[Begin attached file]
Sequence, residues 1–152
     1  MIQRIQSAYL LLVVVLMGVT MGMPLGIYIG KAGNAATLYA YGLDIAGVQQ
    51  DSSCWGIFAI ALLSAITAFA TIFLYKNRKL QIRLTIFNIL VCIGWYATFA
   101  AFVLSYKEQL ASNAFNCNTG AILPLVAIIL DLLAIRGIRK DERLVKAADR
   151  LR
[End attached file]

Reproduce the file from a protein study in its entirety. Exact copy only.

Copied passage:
Sequence, residues 1–152
     1  MIQRIQSAYL LLVVVLMGVT MGMPLGIYIG KAGNAATLYA YGLDIAGVQQ
    51  DSSCWGIFAI ALLSAITAFA TIFLYKNRKL QIRLTIFNIL VCIGWYATFA
   101  AFVLSYKEQL ASNAFNCNTG AILPLVAIIL DLLAIRGIRK DERLVKAADR
   151  LR